A review of financial data provided in the Annual Returns indicates that the average industry allocation to the community channel between 1985 and 1988 remained constant at about 5 per cent of basic service revenues, although contributions by individual licensees range from l.2% to 19%.
The Commission considers that licensees should be required to maintain expenditures on community programming at no less than the industry average of 5 per cent of basic service revenues. Accordingly, the Commission intends to amend the regulations to require Class l systems and Class 2 systems of more than 2,000 subscribers to provide financial support to the community channel of not less than 5% of the revenues derived from the base portion of the basic monthly fee. In making this calculation, licensees will not be required to include, as part of their basic service revenues, any revenues earned as a consequence of fee increases introduced pursuant to subsection 18(6) of the regulations, or revenues derived from specialty service pass-through charges.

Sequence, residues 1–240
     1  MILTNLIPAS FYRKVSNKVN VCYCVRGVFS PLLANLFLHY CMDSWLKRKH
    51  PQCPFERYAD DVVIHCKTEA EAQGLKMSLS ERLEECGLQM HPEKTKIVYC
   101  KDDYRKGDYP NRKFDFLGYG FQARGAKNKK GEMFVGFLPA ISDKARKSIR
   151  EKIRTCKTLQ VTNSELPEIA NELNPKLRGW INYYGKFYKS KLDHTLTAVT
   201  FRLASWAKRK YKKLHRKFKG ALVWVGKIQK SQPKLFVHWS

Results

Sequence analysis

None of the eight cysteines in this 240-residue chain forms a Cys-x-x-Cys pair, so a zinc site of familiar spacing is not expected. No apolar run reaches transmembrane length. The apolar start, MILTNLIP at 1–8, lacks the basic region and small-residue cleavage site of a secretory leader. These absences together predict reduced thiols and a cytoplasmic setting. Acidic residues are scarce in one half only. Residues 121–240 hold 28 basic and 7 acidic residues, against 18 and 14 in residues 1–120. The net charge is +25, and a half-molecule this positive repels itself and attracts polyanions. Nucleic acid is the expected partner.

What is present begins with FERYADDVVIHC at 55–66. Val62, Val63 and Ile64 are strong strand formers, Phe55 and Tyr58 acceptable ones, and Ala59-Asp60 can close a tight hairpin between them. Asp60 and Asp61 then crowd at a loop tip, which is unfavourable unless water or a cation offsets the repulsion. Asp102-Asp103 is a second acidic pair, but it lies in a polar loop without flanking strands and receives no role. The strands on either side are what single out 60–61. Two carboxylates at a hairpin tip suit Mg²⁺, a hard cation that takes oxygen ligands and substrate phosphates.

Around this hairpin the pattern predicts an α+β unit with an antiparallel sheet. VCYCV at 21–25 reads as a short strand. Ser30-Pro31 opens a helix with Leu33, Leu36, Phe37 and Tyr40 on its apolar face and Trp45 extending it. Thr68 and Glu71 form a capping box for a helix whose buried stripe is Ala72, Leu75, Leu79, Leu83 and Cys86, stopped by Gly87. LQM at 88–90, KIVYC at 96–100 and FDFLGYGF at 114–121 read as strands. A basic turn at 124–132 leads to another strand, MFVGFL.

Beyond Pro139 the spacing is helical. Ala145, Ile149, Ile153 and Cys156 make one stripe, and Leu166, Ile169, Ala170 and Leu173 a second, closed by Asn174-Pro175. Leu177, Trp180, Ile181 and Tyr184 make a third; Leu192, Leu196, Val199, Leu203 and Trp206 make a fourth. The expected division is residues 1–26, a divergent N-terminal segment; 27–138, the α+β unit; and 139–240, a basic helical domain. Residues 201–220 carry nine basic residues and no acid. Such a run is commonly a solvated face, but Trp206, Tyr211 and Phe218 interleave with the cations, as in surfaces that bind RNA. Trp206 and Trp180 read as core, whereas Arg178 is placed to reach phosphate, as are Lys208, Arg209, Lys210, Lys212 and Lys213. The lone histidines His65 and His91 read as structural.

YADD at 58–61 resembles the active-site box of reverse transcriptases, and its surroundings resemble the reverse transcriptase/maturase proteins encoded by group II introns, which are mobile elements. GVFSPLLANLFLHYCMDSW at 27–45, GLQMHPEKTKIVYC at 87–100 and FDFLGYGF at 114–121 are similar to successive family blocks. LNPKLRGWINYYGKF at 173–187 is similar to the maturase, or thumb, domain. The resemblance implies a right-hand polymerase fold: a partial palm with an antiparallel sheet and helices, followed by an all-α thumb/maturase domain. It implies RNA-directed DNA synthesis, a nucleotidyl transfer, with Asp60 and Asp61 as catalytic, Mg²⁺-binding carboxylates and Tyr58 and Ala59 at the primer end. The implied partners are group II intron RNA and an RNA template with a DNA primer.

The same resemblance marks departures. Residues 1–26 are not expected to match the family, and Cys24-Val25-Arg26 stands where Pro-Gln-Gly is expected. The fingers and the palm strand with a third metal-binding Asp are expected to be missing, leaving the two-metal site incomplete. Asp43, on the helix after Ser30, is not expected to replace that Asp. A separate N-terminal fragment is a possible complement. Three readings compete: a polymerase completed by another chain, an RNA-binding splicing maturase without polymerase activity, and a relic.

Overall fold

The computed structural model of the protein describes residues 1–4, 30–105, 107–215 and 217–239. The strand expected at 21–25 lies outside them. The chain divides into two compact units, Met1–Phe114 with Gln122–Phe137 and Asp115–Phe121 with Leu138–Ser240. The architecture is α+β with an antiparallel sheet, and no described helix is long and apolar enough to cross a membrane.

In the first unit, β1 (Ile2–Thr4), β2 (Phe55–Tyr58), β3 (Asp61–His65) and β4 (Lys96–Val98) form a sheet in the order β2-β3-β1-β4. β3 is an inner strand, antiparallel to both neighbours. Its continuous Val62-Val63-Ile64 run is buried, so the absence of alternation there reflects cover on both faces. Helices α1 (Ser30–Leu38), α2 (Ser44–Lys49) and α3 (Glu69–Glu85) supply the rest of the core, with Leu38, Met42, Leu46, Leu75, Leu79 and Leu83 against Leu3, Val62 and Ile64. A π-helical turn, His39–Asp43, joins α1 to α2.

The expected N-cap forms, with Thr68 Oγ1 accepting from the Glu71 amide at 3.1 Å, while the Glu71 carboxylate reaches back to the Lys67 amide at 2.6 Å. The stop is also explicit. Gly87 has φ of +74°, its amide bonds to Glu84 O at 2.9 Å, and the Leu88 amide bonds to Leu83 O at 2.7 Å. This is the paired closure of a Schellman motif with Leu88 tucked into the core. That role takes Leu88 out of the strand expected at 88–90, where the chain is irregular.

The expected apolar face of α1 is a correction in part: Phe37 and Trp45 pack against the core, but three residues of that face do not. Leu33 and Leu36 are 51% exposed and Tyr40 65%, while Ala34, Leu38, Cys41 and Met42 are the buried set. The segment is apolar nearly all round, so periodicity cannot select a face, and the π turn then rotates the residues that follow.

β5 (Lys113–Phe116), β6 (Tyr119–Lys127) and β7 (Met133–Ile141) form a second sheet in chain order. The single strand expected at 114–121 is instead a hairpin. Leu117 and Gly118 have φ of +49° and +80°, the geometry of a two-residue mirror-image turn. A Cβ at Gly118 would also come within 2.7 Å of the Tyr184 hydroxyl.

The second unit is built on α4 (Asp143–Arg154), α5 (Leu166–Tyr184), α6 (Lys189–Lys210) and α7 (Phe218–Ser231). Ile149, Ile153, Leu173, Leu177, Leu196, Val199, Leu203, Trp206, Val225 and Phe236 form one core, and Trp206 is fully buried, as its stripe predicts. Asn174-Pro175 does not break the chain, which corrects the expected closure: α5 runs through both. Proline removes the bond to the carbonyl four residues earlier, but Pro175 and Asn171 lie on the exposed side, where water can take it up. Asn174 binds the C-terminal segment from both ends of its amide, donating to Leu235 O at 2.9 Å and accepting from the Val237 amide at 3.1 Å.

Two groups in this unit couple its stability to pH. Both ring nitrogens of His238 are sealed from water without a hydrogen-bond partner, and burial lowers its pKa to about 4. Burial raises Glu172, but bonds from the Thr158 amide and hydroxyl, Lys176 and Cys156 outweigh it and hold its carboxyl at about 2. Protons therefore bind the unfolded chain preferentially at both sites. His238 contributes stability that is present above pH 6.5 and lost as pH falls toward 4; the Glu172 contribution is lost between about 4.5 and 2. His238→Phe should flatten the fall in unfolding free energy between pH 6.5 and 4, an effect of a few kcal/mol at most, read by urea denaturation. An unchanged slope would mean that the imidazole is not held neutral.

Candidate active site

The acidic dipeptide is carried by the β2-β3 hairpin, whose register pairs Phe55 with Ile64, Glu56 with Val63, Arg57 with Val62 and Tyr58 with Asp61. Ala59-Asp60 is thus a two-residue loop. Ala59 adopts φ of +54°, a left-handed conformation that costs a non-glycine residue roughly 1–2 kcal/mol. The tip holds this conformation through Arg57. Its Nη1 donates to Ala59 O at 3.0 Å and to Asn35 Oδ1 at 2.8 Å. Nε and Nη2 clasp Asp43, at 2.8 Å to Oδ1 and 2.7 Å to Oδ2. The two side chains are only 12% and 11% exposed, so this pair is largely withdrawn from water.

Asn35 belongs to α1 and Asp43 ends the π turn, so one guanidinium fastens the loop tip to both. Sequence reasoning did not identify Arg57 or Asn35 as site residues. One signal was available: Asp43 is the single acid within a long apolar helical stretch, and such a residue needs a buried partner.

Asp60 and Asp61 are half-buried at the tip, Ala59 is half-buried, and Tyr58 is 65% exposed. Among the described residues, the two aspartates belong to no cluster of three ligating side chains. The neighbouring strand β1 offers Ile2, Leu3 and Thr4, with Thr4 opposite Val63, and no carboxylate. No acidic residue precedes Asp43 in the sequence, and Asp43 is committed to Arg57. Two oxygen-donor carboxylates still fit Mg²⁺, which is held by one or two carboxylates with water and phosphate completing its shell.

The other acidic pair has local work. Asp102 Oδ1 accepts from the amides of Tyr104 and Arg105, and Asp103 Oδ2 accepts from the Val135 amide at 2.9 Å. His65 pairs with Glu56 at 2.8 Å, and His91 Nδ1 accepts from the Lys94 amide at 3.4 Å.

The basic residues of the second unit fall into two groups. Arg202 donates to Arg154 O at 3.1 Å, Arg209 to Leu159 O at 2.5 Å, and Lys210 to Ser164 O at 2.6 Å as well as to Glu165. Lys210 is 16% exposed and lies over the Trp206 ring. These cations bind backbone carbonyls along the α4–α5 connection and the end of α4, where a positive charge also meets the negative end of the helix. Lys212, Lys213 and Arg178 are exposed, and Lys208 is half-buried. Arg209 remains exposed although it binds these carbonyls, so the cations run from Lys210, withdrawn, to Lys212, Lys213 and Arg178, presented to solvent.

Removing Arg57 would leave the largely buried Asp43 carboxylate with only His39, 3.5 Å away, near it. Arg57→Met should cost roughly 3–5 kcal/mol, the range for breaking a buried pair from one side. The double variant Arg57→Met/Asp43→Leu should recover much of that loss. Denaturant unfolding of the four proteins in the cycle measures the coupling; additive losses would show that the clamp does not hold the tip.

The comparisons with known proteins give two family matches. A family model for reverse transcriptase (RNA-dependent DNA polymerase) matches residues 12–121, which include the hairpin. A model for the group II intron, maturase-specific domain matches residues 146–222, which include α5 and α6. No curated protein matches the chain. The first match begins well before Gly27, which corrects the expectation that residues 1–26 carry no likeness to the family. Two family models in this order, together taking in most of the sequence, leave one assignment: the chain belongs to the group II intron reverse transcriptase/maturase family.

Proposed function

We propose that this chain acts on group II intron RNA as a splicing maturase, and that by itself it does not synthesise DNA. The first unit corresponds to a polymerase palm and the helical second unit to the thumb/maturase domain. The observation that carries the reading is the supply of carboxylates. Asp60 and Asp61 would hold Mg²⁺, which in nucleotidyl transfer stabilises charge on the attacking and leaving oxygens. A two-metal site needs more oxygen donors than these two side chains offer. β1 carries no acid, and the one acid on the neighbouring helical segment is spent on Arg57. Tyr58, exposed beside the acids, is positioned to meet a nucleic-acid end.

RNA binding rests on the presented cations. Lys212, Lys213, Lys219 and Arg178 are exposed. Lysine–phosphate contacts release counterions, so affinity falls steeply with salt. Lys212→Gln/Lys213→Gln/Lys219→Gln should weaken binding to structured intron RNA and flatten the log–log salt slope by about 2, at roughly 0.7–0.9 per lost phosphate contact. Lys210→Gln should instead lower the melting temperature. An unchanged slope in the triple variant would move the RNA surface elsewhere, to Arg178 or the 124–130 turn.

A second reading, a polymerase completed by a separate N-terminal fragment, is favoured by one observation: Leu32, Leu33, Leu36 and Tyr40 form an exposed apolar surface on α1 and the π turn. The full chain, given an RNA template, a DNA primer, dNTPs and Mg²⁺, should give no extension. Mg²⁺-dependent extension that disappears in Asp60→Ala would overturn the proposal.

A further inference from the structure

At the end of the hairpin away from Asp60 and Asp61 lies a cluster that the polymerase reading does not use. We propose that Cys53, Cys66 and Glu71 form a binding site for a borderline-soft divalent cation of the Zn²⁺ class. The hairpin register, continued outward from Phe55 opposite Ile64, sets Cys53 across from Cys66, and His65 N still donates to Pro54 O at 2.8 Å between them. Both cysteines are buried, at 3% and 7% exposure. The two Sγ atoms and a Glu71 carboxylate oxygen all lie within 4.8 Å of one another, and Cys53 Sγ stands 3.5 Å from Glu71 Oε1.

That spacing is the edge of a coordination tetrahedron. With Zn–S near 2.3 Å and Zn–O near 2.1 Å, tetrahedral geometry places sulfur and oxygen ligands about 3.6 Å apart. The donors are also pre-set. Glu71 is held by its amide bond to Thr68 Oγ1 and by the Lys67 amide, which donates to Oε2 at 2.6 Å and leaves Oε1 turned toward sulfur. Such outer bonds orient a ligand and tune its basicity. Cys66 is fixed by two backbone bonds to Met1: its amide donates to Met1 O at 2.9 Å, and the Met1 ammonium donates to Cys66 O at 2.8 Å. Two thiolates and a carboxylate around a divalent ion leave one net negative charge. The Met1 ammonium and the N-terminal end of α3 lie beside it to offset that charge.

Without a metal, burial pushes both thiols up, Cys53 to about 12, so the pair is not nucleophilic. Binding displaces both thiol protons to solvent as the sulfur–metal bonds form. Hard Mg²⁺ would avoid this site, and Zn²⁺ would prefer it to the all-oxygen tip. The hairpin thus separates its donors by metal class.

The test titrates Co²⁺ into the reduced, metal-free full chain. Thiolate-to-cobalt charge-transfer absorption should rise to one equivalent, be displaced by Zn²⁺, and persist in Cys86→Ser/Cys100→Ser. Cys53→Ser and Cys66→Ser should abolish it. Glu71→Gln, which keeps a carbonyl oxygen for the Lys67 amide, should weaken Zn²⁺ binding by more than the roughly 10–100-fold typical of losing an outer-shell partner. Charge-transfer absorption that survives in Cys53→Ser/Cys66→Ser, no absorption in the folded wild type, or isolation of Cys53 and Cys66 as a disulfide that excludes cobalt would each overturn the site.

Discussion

With regard to the appropriate types of expenditures, the Commission considers that expenses should relate directly to program production and the provision of staff. Further, this financial contribution should relate solely to expenses on operations and should not include capital expenditures since capital expenditures are provided for separately in subsection l8(6) of the regulations. Finally, the Commission intends to limit expenditures on overhead and other indirect expenses to a maximum of 30% of community programming expenses.
The Commission may allow exceptions to the 5% funding level via condition of licence, where for instance, adherence to the benchmark would substantially impact subscriber monthly fees as a result of a rate increase pursuant to subsection 18(8) of the regulations.